Solution 2: Locate the module and resolve imports

Using the configuration below, we can tell the compiler to look in two locations (ie ["*", "components/*"]) for any module import in the project:

{
  "compilerOptions": {
    "baseUrl": ".",
    "paths": {
      "*": ["*", "components/*"]
    }
  }
}

In this example, the "*" value in the array means the exact name of the module, while the "components/*" value is the module name (“components) with an appended prefix.

We can now instruct the compiler to resolve the two imports as follows:

import 'view/file2'

The compiler will then substitute 'view/file2' with the first location in the array ("*"), and combine it with the baseUrl which results in projectRoot/view/file2.ts. This will allow the module to be found.

After this step, the compiler will move to the next import:

import 'nav/file3':

Likewise, the compiler will substitute 'nav/file3' with the first location in the array ("*") — a.k.a. nav/file3 — and combine it with the baseUrl which results in projectRoot/nav/file3.ts. This time, the file does not exist, so the compiler will substitute 'nav/file3' with the second location "components/*" and combine it with the baseUrl. This will result in projectRoot/components/nav/file3.ts, thereby allowing the module to be found.

How TypeScript resolves modules by default

Without configuring the TypeScript compiler as discussed earlier, TypeScript will adopt the Node.js run-time resolution strategy by default in order to locate the requested modules at compile-time.

To accomplish this, the TypeScript compiler will look for .ts files, .d.ts, .tsx, and package.json files. If the compiler finds a package.json file, then it will check whether that file contains a types property that points to a typings file. If no such property is found, the compiler will then try looking for index files before moving on to the next folder.

Here’s an example. An import statement like import { b } from 'view/file2' in /projectRoot/view/file1.ts would result in attempting the following locations for locating ".view/file2":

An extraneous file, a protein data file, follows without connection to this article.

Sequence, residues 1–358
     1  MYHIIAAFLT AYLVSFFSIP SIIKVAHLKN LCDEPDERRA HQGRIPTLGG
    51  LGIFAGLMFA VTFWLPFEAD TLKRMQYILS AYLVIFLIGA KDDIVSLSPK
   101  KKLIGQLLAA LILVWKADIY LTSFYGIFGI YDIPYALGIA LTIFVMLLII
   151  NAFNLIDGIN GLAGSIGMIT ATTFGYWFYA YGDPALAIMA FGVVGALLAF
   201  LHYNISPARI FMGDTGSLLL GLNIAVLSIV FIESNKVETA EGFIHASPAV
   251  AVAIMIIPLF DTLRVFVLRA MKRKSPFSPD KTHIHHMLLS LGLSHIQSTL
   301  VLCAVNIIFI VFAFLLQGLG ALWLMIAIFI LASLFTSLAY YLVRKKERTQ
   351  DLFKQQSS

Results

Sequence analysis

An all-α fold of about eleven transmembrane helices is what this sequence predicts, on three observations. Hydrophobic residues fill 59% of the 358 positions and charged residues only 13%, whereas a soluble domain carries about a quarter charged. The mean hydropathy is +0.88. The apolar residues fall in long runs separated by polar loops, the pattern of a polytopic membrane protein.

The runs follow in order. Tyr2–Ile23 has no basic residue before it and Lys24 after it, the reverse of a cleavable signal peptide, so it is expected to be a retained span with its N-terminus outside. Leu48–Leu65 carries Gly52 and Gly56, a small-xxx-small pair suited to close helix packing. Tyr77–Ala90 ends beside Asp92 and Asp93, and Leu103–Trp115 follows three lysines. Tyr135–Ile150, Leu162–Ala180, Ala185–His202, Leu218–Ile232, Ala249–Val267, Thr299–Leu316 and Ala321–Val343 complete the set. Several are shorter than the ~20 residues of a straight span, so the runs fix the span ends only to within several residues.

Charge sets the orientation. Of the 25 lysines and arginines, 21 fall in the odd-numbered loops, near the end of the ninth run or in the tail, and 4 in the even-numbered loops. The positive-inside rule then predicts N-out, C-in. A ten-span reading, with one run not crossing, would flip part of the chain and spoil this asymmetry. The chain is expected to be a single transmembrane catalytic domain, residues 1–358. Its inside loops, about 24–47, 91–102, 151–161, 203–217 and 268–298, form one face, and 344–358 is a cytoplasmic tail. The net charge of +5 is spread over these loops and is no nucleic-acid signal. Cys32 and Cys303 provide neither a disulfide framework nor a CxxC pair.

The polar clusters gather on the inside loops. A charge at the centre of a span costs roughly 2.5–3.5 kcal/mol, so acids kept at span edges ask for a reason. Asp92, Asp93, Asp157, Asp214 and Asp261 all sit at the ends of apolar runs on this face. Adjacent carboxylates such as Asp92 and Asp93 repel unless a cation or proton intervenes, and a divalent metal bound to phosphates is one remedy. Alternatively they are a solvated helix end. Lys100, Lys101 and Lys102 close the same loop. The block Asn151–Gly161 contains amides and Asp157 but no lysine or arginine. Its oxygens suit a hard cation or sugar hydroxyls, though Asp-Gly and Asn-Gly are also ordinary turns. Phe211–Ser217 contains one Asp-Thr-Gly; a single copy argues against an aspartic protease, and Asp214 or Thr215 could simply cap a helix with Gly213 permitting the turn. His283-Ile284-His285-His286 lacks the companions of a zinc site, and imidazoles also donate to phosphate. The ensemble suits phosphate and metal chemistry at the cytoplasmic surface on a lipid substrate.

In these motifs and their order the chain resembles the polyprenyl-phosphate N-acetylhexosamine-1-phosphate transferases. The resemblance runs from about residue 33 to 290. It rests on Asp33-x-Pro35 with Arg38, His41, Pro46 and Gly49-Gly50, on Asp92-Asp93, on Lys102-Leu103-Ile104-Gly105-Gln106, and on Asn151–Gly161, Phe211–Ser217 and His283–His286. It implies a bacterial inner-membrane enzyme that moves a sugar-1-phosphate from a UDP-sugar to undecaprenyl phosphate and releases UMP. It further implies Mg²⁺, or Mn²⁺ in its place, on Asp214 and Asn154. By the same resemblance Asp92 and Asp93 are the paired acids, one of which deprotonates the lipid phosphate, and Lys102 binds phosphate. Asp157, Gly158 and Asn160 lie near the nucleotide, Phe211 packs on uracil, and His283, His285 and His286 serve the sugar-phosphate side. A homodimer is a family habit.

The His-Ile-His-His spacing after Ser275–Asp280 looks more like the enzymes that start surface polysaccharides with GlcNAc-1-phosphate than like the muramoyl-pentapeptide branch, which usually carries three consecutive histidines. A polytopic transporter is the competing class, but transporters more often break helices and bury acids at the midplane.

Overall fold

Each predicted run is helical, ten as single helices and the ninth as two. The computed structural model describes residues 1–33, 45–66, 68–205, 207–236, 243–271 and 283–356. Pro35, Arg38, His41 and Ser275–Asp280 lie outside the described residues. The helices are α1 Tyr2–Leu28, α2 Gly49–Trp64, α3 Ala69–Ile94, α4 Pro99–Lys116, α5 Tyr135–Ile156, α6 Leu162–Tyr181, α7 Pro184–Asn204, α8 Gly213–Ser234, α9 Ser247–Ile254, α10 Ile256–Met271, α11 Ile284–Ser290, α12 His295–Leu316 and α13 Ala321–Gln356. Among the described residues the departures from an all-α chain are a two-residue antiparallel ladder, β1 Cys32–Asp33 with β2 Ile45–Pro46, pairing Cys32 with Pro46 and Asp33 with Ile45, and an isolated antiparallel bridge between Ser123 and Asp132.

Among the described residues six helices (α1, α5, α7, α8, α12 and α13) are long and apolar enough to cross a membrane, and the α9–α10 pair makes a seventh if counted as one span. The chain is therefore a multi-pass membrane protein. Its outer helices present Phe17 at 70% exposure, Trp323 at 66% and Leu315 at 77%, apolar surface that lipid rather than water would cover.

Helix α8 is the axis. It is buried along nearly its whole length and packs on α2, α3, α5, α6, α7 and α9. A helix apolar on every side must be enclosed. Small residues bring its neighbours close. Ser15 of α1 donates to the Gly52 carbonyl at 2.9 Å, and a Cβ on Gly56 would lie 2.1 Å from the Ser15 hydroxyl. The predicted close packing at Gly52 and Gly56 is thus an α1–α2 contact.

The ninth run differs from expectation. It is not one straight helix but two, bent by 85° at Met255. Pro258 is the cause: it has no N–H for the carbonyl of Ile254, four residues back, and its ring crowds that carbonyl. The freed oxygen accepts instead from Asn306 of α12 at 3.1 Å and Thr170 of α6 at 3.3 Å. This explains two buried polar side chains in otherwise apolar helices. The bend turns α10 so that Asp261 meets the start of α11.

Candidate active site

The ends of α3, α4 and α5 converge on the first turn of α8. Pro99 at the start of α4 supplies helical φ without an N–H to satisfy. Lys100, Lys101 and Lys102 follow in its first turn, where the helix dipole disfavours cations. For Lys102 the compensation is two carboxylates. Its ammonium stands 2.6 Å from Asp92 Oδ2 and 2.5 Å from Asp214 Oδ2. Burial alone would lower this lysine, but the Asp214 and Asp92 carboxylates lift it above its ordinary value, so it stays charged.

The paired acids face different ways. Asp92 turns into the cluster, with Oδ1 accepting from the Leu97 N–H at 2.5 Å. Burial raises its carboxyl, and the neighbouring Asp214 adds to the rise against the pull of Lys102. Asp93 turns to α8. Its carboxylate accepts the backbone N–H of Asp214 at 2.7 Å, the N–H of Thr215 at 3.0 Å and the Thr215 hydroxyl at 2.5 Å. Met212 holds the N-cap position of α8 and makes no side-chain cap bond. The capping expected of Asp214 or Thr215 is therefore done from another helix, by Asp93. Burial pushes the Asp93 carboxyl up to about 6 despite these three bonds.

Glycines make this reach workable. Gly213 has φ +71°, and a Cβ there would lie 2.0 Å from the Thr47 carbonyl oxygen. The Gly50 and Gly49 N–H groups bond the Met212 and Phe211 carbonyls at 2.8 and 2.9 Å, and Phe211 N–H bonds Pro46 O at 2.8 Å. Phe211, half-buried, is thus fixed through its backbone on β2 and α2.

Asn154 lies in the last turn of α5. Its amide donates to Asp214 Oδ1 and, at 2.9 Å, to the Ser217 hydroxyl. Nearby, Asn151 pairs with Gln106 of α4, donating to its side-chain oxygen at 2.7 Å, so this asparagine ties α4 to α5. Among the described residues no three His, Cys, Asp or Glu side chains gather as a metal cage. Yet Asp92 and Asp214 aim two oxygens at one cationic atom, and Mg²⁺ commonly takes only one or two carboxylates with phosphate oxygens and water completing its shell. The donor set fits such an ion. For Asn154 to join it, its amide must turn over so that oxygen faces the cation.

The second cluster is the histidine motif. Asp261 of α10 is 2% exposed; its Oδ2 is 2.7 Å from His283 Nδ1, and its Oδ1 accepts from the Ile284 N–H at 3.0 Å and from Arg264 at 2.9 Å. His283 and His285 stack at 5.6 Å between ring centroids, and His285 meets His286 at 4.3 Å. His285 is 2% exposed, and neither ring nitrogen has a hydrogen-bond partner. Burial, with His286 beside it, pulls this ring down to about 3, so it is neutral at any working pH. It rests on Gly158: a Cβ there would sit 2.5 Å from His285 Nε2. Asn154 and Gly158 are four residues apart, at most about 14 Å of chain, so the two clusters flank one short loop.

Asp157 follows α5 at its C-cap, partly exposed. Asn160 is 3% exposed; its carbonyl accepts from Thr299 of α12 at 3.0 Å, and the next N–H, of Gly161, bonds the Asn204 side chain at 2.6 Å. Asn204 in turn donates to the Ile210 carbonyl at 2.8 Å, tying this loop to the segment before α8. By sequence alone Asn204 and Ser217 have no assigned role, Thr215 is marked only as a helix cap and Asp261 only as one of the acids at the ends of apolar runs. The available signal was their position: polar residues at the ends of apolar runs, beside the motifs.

1. Does /projectRoot/view/file2.ts exist?
  2. Does /projectRoot/view/file2.tsx exist?
  3. Does /projectRoot/view/file2.d.ts exist?
  4. Does /projectRoot/view/file2/package.json (if it specifies a "types" property) exist?
  5. Does /projectRoot/view/file2/index.ts exist?
  6. Does /projectRoot/view/file2/index.tsx exist?
  7. Does /projectRoot/view/file2/index.d.ts exist?

If the module is not found at this point, then the same process will be repeated, jumping a step out of the closest parent folder as follows:

  1. Does /projectRoot/file2.ts exist?
  2. Does /projectRoot/file2.tsx exist?
  3. Does /projectRoot/file2.d.ts exist?
  4. Does /projectRoot/file2/package.json (if it specifies a "types" property) exist?
  5. Does /projectRoot/file2/index.ts exist?
  6. Does /projectRoot/file2/index.tsx exist?
  7. Does /projectRoot/file2/index.d.ts exist?

Conclusion

Sometimes, we may run into some complex situations where diagnosing why a module is not resolved can be so difficult. In such situations, enabling the compiler module resolution tracing using tsc --traceResolution can provide more insight on what happened during the module resolution process, allowing us to choose the correct solution moving forward.

With the common TypeScript modules problems highlighted, and solutions provided in this post, I hope that it will become a bit easier to configure the TypeScript compiler to handle modules in your TypeScript projects.

Hopefully you’ve found this post informative and helpful. You can also check out the official TypeScript documentation for a deep dive into TypeScript module resolution.

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Emmanuel John I'm a full-stack software developer, mentor, and writer. I am an open source enthusiast. In my spare time, I enjoy watching sci-fi movies and cheering for Arsenal FC.